The Sammaan facilities will service approximately 65,000 people in two cities in eastern India. While that certainly sounds like a considerable amount, that represents 0.0001% of the people forced to open-defecate on a daily basis here in India. Our project, though significant in its scope and potential, is a very small drop in a very huge bucket.

Also, in the three years we’ve been working on the project, we have yet to even begin construction on a single facility due to pervasive apathy and recalcitrance to act by government partners working on the initiative. This is perhaps the most distressing of all components of the sanitation crisis here: there is no sense of urgency being shown by those in a position to do the most in terms of exacting change. I’ve been a part of enough off-the-record conversations with representatives at all local and state levels of government to say with conviction that a majority of people simply do not care that more than half the people in this country lack basic and adequate sanitation. I’ve even been asked point blank, and in all honesty, to explain why someone should care about providing toilets to people in slums. If there is no direct, tangible benefit to the individual, then there’s no point in continuing the conversation. Perhaps it is the simple fact that those in power have access to toilets; there is no personal connection to the issue, and there’s a fundamental lack of empathy that prevents even a basic consideration of such.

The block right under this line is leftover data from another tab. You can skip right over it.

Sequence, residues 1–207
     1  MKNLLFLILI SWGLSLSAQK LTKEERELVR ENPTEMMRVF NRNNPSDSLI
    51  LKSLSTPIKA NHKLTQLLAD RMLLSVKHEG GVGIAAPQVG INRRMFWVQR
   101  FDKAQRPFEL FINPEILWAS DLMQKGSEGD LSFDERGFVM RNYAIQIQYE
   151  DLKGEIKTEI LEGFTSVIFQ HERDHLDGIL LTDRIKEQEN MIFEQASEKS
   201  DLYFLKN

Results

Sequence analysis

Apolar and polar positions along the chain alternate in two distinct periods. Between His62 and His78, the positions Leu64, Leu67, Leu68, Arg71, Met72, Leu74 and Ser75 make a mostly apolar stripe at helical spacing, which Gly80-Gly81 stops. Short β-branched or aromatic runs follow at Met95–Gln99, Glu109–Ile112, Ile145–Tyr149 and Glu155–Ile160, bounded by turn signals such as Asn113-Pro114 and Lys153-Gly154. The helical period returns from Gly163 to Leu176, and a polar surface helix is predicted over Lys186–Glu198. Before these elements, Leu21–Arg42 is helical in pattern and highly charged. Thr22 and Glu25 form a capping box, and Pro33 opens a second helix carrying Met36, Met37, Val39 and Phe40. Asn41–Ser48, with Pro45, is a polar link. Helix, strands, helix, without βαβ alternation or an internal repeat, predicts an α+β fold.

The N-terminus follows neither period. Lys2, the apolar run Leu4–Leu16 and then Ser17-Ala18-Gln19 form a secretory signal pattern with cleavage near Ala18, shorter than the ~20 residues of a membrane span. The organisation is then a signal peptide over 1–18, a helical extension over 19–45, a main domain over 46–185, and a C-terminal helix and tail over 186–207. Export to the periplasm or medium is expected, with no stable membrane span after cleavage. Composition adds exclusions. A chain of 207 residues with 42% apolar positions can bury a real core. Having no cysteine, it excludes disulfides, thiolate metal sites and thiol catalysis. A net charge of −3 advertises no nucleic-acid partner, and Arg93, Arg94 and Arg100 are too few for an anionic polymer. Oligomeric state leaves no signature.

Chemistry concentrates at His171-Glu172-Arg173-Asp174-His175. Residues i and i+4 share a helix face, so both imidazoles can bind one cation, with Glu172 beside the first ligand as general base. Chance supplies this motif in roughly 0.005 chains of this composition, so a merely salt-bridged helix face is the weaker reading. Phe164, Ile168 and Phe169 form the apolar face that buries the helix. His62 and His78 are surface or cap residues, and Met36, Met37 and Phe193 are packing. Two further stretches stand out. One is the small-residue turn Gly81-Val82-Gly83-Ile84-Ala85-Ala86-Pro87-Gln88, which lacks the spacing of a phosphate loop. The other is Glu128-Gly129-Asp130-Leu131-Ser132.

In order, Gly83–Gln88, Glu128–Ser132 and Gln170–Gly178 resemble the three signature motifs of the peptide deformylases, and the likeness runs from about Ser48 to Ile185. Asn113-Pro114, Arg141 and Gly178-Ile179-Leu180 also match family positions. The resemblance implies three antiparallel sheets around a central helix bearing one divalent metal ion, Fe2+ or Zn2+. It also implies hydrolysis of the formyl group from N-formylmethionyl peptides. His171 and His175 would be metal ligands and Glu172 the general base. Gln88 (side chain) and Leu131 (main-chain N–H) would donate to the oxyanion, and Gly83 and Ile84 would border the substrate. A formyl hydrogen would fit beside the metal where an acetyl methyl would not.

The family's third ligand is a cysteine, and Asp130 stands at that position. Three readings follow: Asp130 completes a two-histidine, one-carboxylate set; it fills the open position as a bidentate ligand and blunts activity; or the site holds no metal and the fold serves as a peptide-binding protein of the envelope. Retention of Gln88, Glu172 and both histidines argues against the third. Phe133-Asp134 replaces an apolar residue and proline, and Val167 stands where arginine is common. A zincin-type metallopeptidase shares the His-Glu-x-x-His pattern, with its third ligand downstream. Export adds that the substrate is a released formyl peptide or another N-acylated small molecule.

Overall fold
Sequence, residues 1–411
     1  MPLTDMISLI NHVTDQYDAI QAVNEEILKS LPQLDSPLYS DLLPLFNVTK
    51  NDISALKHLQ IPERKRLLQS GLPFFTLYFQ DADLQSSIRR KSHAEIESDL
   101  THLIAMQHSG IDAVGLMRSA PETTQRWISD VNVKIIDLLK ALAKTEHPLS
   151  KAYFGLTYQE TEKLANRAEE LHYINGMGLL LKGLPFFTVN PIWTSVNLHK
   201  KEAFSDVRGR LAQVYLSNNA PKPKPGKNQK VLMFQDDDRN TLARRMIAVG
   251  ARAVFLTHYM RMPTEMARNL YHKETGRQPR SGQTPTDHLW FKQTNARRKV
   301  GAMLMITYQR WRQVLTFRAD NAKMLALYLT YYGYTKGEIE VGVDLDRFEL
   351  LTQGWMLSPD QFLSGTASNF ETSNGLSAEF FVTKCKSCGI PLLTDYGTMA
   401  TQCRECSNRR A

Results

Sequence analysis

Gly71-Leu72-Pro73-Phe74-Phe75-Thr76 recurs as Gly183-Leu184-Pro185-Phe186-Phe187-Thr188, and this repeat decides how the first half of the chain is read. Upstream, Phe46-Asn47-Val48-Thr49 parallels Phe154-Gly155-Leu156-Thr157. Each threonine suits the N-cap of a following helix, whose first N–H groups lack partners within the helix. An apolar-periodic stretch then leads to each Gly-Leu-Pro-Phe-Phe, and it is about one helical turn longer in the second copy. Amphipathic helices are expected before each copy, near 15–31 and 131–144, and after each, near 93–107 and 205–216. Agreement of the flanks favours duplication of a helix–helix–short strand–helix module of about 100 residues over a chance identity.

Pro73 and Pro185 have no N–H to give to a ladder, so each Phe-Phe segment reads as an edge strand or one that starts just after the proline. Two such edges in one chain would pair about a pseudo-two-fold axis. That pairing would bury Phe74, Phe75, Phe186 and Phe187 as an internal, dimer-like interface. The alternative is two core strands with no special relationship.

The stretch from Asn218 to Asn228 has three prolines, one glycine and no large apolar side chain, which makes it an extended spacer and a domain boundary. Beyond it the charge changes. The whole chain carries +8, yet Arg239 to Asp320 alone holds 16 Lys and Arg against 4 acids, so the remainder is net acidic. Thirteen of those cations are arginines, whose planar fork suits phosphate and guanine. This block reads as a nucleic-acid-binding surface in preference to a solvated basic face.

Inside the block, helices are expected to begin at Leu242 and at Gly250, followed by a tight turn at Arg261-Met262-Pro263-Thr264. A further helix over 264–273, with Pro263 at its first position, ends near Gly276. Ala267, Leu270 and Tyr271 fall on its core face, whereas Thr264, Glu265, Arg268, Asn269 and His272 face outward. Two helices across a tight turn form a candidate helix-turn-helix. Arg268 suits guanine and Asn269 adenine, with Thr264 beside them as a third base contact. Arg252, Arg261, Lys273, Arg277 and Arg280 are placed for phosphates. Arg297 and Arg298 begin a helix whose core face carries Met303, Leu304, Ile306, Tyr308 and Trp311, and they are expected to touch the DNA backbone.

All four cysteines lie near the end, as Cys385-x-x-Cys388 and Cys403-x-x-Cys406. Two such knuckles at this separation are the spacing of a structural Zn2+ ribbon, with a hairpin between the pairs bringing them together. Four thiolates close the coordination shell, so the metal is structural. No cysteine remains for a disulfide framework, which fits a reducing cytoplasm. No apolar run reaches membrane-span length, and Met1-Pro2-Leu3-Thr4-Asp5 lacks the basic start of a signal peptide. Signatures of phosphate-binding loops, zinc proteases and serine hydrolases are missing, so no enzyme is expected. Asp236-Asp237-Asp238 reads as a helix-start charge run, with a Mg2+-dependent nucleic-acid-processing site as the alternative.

Trying to wrap one’s mind around the numbers associated with the sanitation crisis is a challenge in and of itself. It’s like trying to count the stars in the sky: at some point you just give up and rest assured knowing there’s a whole lot. But giving up on solving what is arguably the world’s most pressing concern is just not an option. Every day, due to inadequate sanitation, children die, women are raped, and a younger generation is further conditioned to be resigned to their fate and accept open-defecation as part and parcel of their life experience; and all of this could be avoided.

This is essentially the message I’ll attempt to convey when I speak to the students at St. Bonaventure, but it still feels shallow, incomplete, and insufficient. I suppose that in and of itself is a commentary on the complexity of the issue. Hell, far more informed and intelligent people than I have dedicated their life’s work to solving the world’s sanitation problem. Hundreds of millions of dollars are pumped into “developing” countries the world over in an effort to stem the flood, to throw a lifeline to the 1 in 3 people around the world that lack a proper toilet and supporting infrastructure. Our grandchildren’s grandchildren will likely find themselves working on this issue long after our efforts are forgotten.

I guess one can always lean on cliches such as “fight the good fight” and “it’s not over til it’s over” to elucidate motivations behind taking up such a Sisyphean endeavor, but that just feels cheap. I can say that the people I’ve met working in this sector are some of the most positive, optimistic, and committed individuals I’ve met, particularly in a professional capacity. Perhaps it is a delusion we all share, but there does seem to be solace in the effort; that, win or lose, at least we’ve tried, and no one can take that away.

Thankfully I have a few more weeks to sort this out.

Originally published at on September 11, 2014.